Six years after the implementation of the Diversity Strategic Plan, Ithaca College has steadily increased its number of minority students at a rate comparable to the national average. However, among its peer group of institutions, the college still lags behind.
Among the 11 schools in its peer group, the college ranks eighth in terms of diversity of its first-time, full-time freshman class in 2015, with 22 percent of students identifying as African, Latino, Asian or Native American. The peer group is released in the college’s annual budget and consists of the institutions that have the most overlapping applicant pools with the college. 2015 is the most recent year for which comparative statistics are available.
In the past two years, the college has regressed slightly, with only 21 percent of the class being ALANA students in 2016, down from its peak of 22.2 percent in 2014. Over the past 10 years, the college has increased the racial and ethnic diversity of its freshman class by 9.3 percent.
Gerard Turbide, vice president for enrollment management, said he’s not satisfied with the college’s current diversity.
“Do I think IC is diverse enough?” Turbide said. “The answer is no. Have we made good progress? Yes, absolutely.”
The college’s diversity figures have progressed at nearly the same rate as the increase in diversity of the national pool of college students. From 2005 to 2014, nationally, the total college enrollment of ALANA students increased by 8.9 percent, according to the National Center for Education Statistics. The college increased its proportion of ALANA students by 9.6 percent in this period, according to the Office of Institutional Research. This means the college’s progress is less than a 1 percent increase ahead of the national student population shift.
In 2005, for every 100,000 ALANA students in college, 11 were enrolled at Ithaca College. In 2014, for every 100,000 ALANA students in college, 15 were enrolled at the college. The college’s enrolled proportion of the national ALANA student population increased by 0.000045 percent.
The college’s admissions process is race neutral, meaning an applicant’s race is known, should the applicant choose to disclose it, but not considered as a factor in deciding to admit the student, Turbide said. Instead, he said, the college’s efforts to increase the diversity of new classes of students are based on recruitment strategies. The college takes into account the diversity of the schools and cities it chooses to visit, Turbide said. In addition, the college has merit-based scholarships such as the MLK Scholar program and ALANA scholarships specifically for students from underrepresented backgrounds.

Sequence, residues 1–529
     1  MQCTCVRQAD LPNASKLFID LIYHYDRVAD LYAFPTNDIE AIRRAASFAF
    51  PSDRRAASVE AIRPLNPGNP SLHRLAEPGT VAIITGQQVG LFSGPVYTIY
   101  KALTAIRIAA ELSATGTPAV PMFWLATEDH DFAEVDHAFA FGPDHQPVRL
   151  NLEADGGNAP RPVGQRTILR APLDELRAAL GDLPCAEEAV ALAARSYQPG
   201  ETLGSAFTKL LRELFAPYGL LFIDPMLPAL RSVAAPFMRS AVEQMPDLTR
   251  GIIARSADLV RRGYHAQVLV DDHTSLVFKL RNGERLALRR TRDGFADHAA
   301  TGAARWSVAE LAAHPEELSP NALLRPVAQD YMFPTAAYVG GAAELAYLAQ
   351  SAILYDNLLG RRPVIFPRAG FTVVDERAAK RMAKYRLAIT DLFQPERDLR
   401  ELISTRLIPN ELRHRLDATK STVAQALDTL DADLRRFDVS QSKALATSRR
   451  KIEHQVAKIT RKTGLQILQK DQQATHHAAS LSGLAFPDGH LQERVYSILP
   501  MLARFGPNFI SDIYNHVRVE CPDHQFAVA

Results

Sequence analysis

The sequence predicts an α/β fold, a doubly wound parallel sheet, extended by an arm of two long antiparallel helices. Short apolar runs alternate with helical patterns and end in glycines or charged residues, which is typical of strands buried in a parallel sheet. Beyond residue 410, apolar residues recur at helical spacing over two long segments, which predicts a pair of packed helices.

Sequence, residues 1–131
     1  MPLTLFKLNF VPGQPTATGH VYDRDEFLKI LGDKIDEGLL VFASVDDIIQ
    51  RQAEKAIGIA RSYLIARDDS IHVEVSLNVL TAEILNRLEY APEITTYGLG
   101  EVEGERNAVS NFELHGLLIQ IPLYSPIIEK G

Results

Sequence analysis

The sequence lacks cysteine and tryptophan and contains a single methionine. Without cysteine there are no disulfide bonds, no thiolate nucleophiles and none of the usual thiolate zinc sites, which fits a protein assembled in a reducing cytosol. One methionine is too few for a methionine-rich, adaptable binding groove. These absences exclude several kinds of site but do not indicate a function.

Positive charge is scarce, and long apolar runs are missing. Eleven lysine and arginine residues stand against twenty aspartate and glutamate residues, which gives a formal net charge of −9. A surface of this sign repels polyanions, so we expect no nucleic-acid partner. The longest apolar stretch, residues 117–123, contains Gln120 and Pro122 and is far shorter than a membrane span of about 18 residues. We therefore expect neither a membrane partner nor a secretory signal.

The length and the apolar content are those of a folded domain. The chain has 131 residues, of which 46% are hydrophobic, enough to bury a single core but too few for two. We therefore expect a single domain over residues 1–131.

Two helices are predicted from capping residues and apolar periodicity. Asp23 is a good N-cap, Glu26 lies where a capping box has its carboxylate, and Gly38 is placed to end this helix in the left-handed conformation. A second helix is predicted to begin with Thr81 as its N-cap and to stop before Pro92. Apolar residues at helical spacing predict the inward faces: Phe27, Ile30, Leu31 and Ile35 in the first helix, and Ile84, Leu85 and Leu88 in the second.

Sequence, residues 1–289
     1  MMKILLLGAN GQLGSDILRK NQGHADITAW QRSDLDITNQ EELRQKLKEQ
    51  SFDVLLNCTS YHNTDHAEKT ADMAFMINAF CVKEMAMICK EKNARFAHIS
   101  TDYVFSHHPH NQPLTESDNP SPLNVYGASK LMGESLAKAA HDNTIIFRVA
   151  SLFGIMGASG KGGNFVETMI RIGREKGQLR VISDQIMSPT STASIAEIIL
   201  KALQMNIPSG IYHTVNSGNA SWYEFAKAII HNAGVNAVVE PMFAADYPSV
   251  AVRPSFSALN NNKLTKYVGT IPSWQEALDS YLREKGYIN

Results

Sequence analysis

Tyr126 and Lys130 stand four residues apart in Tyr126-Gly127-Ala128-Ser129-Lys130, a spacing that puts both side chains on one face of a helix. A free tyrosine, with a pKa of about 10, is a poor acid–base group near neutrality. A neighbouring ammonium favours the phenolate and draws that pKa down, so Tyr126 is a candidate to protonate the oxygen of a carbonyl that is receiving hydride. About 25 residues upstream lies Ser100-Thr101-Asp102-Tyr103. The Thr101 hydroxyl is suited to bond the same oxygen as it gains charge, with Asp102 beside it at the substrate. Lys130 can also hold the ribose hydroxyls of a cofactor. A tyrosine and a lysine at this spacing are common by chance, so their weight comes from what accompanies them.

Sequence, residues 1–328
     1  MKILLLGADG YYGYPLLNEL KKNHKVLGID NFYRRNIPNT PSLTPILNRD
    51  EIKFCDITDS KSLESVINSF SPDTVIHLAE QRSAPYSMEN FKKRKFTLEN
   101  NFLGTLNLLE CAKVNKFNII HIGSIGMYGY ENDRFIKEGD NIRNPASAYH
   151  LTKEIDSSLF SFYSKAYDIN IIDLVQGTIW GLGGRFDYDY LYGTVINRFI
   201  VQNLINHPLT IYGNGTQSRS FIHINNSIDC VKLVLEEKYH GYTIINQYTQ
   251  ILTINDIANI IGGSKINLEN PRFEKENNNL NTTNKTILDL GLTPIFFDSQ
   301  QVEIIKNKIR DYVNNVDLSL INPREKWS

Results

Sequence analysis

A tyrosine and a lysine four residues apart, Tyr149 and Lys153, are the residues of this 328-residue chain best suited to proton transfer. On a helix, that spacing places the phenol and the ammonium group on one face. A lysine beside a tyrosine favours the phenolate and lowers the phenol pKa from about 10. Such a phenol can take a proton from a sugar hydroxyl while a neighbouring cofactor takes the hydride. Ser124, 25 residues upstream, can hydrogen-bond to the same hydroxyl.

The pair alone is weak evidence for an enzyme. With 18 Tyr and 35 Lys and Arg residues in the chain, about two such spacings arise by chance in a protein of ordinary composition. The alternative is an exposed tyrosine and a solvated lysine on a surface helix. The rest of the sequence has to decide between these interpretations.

ALANA scholarships range from $2,000 to $5,000. MLK Scholarships are $25,000 at minimum, and any additional aid is need-based.
At Hofstra University, a member of the college’s peer group where the freshman class in 2015 included 37 percent ALANA students, there is a program similar to the MLK Scholar program, but it is more intensive. The New Opportunities at Hofstra Program provides “academic, financial and social support resources for students from lower-socioeconomic backgrounds,” which includes a five-week Pre-Freshman Summer Academy that allows students to begin earning college credits early and “become acclimated to Hofstra University.” In addition, Hofstra annually offers two full-ride scholarships to women from East Africa, as well as full-ride scholarships to the valedictorians of Uniondale and Hempstead High Schools, where white students make up 1 percent or less of the student population.
To increase student diversity, Turbide said, the college has focused on creating a more inclusive environment on campus rather than merely increasing the percentage of students of color. The college’s racial climate was one of the key issues that POC at IC protested last year during the fall semester, echoing protests that erupted on college campuses around the country.